A third costume that coffee often dons is that of being a symbol. Call it a subliminal cue or blatant advertising, coffee has risen over the years as a focal point in the social scene. First dates take place in cosy French-themed cafes. Gossip sessions come alive over a steaming mug of mocha. Even business meetings feel incomplete without coffee playing the stimulant for brainstorming. In some cases, coffee also becomes a status symbol. As coffee is generally more expensive than tea, it is often viewed as an exclusive luxury. Coffeehouse chains like Starbucks draw mileage from this very exclusivity and market their product as a status symbol.
The steeped-in-history costume
Coffee does also have an interesting manner of establishing itself in world history that might make you smile. For instance, coffee (or the lack of it) was claimed to have been grounds for divorce in 16th century Constantinople. Coffee was such a vital part of the household that if a man was unable to provide his wife with sufficient coffee, she could seek a divorce! The verity of this is debatable, but it makes you wonder, doesn’t it?
Or venture to a different part of the world in slightly more recent history. The American colonists began to reject tea and switched to coffee in their defiance against the Tea Act of 1773 by British King George III. Following the Boston Tea Party, drinking tea in America was viewed as being unpatriotic.
Finally, the first-ever webcam was invented because of coffee. Students at Harvard grew tired of walking down the hallway only to find the coffee machine empty. They set up a camera facing the coffee machine so they could check whether or not the coffee was ready from wherever they were. No doubt, this saved many people some unnecessary exercise.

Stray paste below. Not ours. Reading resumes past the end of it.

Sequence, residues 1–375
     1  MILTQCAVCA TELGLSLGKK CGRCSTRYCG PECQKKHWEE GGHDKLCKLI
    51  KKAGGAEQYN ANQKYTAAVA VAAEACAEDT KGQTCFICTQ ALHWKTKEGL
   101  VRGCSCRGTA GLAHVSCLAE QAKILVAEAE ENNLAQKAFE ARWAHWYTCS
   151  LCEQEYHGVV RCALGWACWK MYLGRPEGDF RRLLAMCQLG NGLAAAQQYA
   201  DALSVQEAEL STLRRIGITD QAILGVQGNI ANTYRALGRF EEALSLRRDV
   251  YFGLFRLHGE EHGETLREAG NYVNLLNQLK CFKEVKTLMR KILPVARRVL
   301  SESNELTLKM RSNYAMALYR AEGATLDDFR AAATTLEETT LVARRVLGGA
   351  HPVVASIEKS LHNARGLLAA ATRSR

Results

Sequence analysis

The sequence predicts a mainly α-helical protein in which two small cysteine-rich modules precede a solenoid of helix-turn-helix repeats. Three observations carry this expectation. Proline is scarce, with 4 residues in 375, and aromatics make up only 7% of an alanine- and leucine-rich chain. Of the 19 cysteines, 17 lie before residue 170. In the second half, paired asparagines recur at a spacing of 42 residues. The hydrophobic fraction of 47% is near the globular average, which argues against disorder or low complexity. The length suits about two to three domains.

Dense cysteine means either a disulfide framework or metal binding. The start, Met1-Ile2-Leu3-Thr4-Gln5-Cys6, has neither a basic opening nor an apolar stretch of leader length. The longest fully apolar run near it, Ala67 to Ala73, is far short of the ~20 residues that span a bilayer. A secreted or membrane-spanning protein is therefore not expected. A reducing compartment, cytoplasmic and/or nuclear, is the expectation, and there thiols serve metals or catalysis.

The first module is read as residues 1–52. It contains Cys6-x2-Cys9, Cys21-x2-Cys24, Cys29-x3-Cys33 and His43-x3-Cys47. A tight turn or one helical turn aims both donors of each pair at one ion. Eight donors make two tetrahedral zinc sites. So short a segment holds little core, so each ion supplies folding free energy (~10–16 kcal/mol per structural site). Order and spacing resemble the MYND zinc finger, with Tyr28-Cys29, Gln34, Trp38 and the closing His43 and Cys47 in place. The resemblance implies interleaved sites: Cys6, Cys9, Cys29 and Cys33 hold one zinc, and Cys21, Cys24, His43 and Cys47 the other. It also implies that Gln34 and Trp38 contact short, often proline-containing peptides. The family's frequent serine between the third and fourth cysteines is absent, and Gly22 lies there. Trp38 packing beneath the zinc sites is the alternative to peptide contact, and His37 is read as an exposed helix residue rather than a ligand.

The centre-of-health-debates costume
The most problematic of the costumes of coffee, however, is the one that few seem to be able to agree upon—what is the impact that it has on our health? Some swear by the health benefits of drinking coffee as it can reduce the risk of cardiovascular diseases, asthma, and liver disease among other things. Others are less than convinced. Coffee acts as a stimulant and helps people stay awake and focused for longer hours. This is why it is such a popular drink in offices worldwide. However, consuming coffee in large quantities can result in increased anxiety and nervousness, heartburn, ulcers, and acidity. Caffeine is also addictive and one can easily become dependent on their regular intake of it. Although, as research on this topic is extensive, it is as yet indecisive. As such, it is difficult to draw any proper conclusions about caffeine addiction.
The “I belong everywhere” costume
Lastly, for those who would rather not drink it, coffee can be as versatile as anything. Its practical uses alone are extensive. Coffee can be used to polish wooden furniture, nourish a garden, for facial and hair treatments, as an air freshener, and as an exfoliator. This is in addition to the aesthetic appeal that coffee holds. Coffee is a luxe ingredient in perfumes, and its beans work separately as refreshers between testing two different fragrances. Coffee paintings are a pop-culture wave in their own right. And let’s not forget the now obsolete ‘But first, coffee’ credo which long served as a personality marker for many social media accounts. So even if coffee doesn’t find its way into your diet, it can still carve out room in your life.
The costumes of coffee clearly come in all sorts of shapes and colours and that could explain the manner in which it has risen to the status it possesses in our world—the one drink to rule them all.